She wanted a piece of paradise a tropical retirement home where the temperature is warm, the air is clean and the crowds and stress of South Florida are far, far away.
Along with hundreds of other people nationwide, Davie resident Lorraine Fox entrusted that dream to Hollywood-based Paragon Properties of Costa Rica. Four years and $115,000 later, the 55-year-old real estate agent has nothing to show for it.
A lawsuit filed in federal court alleges Paragon Properties was "a Ponzi-type scheme," targeting people near or at retirement age. More than 900 Paragon Properties customers put down deposits for about 2,500 parcels of land in Costa Rica within the last six years, yet much of the land remains untouched and not a single customer has had a home built, according to court records.
Paragon Properties' chairman has said the company's 16 planned communities, primarily on the Central American country's Pacific coast, stalled because of a poor economy and difficulties in obtaining local building permits. As of last fall, the company had been waiting for months for financing to come through, chairman and owner Bill Gale said in an October deposition in an earlier lawsuit against Paragon Properties.
"We don't have the funds," he said. "They are not there, but we continue to work for [Paragon Properties' clients]."
But desperate customers told the Sun Sentinel they haven't been able reach anyone at Paragon Properties for weeks. The front door at the company's Harding Street office is locked. Anyone calling the office phone number is greeted by an automatic message saying the company is pursuing funding to move forward with its development projects.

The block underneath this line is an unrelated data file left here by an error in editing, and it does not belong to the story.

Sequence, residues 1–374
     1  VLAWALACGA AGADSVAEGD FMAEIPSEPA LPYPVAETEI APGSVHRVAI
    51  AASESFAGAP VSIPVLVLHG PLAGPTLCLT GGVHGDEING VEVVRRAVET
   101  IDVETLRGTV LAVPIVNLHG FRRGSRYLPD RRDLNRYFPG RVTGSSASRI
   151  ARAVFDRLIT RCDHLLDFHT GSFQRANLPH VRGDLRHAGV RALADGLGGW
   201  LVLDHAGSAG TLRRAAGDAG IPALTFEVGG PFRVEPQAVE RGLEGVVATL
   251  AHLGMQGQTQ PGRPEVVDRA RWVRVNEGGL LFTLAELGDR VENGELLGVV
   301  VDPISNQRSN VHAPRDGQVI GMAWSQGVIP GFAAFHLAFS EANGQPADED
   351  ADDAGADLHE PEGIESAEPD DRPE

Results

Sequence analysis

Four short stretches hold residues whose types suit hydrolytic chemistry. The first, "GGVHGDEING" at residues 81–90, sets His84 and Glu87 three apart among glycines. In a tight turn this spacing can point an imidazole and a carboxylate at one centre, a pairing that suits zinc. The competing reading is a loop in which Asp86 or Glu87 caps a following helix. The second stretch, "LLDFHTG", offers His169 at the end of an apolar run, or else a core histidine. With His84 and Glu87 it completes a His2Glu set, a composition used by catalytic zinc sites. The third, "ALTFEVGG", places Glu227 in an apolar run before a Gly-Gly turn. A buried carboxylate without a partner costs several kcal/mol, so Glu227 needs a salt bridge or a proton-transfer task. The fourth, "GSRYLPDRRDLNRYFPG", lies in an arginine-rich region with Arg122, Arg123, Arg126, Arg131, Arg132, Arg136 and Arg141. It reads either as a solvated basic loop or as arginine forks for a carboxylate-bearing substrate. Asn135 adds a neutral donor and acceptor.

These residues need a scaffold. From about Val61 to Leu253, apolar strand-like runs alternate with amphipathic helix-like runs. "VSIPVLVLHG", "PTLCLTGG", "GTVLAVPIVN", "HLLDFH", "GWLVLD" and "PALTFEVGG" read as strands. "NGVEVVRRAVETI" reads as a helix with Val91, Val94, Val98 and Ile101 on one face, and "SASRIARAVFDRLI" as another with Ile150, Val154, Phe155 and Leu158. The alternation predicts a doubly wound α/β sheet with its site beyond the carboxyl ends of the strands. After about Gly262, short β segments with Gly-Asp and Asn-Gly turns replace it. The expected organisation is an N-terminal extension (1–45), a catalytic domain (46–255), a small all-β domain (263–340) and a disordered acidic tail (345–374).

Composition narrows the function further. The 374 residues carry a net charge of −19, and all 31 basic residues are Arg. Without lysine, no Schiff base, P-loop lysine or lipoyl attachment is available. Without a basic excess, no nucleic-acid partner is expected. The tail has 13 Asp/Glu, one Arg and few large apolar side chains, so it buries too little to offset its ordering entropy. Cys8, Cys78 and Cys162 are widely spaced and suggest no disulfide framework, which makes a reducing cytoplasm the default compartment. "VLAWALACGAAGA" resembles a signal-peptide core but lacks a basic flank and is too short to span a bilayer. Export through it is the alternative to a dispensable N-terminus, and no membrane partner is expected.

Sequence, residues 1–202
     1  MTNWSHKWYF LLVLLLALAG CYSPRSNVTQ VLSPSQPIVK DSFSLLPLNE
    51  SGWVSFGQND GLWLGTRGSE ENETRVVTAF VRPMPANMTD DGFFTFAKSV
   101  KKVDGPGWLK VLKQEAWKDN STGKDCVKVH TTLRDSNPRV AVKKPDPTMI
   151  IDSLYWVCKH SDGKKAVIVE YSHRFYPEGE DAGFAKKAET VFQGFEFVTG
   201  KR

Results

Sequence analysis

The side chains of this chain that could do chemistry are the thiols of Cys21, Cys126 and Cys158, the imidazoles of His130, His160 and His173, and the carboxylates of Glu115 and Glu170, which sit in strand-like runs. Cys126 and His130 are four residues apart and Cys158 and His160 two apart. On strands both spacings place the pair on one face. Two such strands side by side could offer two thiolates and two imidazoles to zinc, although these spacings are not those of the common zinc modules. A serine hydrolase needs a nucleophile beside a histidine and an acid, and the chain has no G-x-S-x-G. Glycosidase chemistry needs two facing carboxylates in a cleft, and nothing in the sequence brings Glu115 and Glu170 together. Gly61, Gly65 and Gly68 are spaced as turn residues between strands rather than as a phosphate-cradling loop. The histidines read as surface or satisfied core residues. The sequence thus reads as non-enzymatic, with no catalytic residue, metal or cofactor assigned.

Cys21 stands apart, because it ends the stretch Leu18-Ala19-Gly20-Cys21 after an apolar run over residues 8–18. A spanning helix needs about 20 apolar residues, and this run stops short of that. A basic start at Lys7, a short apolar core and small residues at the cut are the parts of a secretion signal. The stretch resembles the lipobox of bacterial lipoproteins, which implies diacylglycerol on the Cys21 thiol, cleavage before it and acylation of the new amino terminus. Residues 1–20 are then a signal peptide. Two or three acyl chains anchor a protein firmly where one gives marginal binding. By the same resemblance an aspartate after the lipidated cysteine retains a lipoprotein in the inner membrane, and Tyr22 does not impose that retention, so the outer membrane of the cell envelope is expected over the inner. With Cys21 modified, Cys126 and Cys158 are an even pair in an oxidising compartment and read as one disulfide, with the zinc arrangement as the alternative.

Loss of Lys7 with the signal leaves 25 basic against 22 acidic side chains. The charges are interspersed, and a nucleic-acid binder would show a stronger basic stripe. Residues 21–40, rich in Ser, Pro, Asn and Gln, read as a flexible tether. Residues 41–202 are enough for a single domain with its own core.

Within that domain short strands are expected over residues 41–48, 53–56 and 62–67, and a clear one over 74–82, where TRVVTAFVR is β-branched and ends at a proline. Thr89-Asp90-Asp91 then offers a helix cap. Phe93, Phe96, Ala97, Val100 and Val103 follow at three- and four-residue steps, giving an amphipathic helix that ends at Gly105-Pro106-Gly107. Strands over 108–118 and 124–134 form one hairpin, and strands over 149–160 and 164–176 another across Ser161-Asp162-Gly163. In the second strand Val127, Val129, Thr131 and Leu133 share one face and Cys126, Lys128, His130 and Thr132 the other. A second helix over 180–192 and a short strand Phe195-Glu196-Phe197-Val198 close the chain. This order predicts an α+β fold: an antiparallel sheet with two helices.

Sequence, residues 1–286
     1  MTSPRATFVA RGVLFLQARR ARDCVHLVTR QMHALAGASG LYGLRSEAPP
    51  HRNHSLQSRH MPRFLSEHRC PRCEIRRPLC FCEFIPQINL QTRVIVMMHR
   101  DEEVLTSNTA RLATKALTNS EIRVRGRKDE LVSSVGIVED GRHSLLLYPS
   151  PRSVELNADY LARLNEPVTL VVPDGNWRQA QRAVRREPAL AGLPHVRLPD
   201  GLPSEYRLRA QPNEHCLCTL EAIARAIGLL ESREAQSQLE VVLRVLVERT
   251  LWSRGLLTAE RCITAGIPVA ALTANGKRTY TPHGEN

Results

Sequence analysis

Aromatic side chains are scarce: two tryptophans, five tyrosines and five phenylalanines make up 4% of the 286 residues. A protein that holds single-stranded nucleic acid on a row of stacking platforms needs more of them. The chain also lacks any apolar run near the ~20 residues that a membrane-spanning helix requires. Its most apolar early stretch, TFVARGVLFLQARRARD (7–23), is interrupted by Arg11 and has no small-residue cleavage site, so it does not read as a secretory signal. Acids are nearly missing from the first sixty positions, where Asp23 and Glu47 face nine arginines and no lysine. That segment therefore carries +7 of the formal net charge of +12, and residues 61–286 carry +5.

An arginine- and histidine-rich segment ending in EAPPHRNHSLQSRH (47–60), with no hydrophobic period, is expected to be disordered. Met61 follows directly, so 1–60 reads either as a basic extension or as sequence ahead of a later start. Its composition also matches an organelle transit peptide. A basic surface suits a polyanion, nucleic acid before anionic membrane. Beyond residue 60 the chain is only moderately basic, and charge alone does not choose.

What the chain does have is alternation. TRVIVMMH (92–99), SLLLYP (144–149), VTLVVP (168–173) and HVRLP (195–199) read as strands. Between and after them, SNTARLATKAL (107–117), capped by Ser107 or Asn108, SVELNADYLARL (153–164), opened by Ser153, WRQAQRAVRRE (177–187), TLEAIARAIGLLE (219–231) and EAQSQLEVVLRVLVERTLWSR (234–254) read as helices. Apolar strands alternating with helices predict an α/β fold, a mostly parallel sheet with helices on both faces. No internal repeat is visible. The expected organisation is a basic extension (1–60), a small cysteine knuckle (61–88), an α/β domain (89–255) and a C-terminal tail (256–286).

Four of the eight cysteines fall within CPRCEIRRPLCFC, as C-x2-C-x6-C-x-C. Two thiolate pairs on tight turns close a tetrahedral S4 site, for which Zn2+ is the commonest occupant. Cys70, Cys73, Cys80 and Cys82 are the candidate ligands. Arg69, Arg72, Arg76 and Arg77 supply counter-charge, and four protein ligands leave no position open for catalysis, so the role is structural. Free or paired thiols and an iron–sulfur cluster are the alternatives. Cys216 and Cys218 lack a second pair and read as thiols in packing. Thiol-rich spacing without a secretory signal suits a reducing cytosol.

"Paragon, like the paradise it purports to sell, is a myth," wrote Matthew Sarelson, the Miami-based attorney spearheading the federal lawsuit filed against the company. So far, 27 Paragon Properties customers with deposits totaling more than $1.7 million have signed on to the court action filed in Miami.
The lawsuit names 32 people or companies Sarelson says were involved in the Costa Rican land offer. Among them is Stephen Tashman, a South Florida businessman who has been sanctioned by federal judges in the past for three other business ventures that were ordered to pay more than $40 million in restitution and fines for misrepresentations to investors.
Customers' outrage over Paragon Properties has been steadily building. The company has been the target of 37 complaints filed with the state Attorney General's Office as well as 15 lawsuits in state and federal court. The Better Business Bureau of Southeast Florida gave Paragon Properties an "F" grade.
Lawyers suing the company say it meets the definition of a Ponzi scheme.
"They were using new money to pay off the old money," said attorney Richard Schurr, who is representing a Hollywood man who handed over $300,000 in deposits to purchase 22 acres. "It wasn't run in a way that it was ever going to be successful."
Gale, 66, said in his October deposition that his company has refunded $16 million in deposits to unhappy customers. When asked if money from new sales had been used to refund old customers, Gale said, "Yes."
"We have been trying for the longest time to obviously obtain the necessary funds to complete the projects, but as you are aware credit markets have become a nightmare, and particularly when it's offshore," Gale said. "We are waiting for the loans. We sit in the office and wait for the calls."